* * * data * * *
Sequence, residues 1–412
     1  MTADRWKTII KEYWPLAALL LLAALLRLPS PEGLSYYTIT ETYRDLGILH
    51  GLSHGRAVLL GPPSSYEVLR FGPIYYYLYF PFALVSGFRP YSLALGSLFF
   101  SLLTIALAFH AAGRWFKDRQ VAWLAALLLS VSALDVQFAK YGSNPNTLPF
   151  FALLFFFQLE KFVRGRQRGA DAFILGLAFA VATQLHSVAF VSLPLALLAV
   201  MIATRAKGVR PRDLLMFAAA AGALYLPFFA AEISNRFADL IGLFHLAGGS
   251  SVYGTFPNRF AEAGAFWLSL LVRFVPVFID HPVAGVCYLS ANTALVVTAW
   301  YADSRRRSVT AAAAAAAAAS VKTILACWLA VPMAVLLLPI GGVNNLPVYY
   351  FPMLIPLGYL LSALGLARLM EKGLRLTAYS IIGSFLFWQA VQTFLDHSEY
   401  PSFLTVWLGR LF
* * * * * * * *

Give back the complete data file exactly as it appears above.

Sequence, residues 1–412
     1  MTADRWKTII KEYWPLAALL LLAALLRLPS PEGLSYYTIT ETYRDLGILH
    51  GLSHGRAVLL GPPSSYEVLR FGPIYYYLYF PFALVSGFRP YSLALGSLFF
   101  SLLTIALAFH AAGRWFKDRQ VAWLAALLLS VSALDVQFAK YGSNPNTLPF
   151  FALLFFFQLE KFVRGRQRGA DAFILGLAFA VATQLHSVAF VSLPLALLAV
   201  MIATRAKGVR PRDLLMFAAA AGALYLPFFA AEISNRFADL IGLFHLAGGS
   251  SVYGTFPNRF AEAGAFWLSL LVRFVPVFID HPVAGVCYLS ANTALVVTAW
   301  YADSRRRSVT AAAAAAAAAS VKTILACWLA VPMAVLLLPI GGVNNLPVYY
   351  FPMLIPLGYL LSALGLARLM EKGLRLTAYS IIGSFLFWQA VQTFLDHSEY
   401  PSFLTVWLGR LF